Post/Doc Lab Reorganizing Industries
Industry, Technology and Society: Consequences of the Digital Transformation.
Industries are undergoing large scale transformations due to the opportunities and challenges presented by a new wave of digitalization. Examples include the introduction of cyber-physical systems, the increased self-organization of machines on platforms like the Internet of Things, and emerging ecologies of distributed innovation and digital fabrication. The central assumption of this working group is that these phenomena fundamentally shape and are shaped by contemporary organization(s), indicating a new quality of technologization in society. We investigate the reorganization of industries in three, partially overlapping areas:
In Models of Reorganization we are analyzing the orienting quality of models in digitalized industries (such as “Industrie 4.0”) and their implication for the organization of industrial production. We emphasise the material configuration and performativity of these models.
In industrialization of the living we are focusing on how bodies and body-parts are made (to) fit. We study how they are re/produced, surveilled and commodified in digitalized industries and what kinds of material and embodied forms of resistance emerge. We examine how the introduction of 3D (bio-)printing and automation are connected to the reorganization of regenerative biomedicine and the prosthetics industry, as well as the impact of self-tracking technologies on the entanglement of work, life and organization.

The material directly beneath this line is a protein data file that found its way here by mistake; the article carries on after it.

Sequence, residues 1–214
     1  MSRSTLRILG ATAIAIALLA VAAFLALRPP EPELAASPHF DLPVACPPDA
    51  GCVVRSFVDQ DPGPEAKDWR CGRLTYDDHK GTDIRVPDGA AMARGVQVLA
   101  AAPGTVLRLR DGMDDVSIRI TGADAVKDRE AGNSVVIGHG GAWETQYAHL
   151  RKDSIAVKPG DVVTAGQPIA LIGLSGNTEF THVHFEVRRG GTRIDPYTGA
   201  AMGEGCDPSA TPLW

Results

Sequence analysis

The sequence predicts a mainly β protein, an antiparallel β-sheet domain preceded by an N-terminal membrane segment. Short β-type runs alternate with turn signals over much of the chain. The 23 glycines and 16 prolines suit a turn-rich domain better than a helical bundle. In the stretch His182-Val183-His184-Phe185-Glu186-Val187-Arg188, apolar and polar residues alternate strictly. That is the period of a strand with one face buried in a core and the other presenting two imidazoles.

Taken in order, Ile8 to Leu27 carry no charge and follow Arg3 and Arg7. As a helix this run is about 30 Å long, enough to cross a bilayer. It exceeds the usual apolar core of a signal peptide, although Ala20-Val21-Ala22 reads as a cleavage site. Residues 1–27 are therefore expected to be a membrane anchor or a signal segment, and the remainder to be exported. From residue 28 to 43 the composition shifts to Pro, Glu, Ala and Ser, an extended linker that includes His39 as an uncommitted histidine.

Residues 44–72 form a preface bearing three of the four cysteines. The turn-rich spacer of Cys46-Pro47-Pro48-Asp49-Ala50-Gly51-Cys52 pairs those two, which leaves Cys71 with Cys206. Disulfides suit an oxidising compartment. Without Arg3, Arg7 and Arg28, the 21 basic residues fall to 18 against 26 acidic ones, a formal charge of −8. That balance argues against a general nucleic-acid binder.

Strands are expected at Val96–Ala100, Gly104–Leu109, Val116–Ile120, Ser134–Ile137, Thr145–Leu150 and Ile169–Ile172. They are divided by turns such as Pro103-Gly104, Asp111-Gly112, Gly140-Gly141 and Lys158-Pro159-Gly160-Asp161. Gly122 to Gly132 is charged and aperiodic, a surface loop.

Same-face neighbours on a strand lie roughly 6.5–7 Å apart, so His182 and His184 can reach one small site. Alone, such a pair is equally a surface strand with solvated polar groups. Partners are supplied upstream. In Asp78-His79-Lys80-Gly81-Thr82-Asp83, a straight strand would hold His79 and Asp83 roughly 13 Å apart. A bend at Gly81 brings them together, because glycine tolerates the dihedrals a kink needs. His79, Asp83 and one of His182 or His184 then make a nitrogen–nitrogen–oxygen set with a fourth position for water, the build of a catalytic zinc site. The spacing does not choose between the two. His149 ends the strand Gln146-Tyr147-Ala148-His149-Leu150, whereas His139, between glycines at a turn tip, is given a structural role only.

In configurations of digital innovation we are analyzing the emergence of new forms of distributed or “open” innovation and interrogate how they bring forward new constellations of actors. Here, our focus lies on the question of how these new forms of innovation are organized and scripted.
|Head||Dr. Uli Meyer|
|Team||Johan Buchholz |
Dr. Carlos Cuevas Garcia
Dr. Judith Igelsböck
|Guests/Fellows||Dr. ginger coons|
|Stud. Assistants||Thea Jung |
Orhan Kemal Yüksel
To gain insight into the recursive evolution of digitization and organization as well as their interplay with societal change, we conduct research on two conceptual levels. We examine newly constituted organizational fields and individual organizations within these fields. We engage in participatory research for studying and doing organization. We also communicate closely with engineers and companies, in order to study newly emerging objects of concern, practices and structures on both of these levels. Starting from this point, we work towards a theoretical framework building on both Science and Technology Studies and Organizational Theory.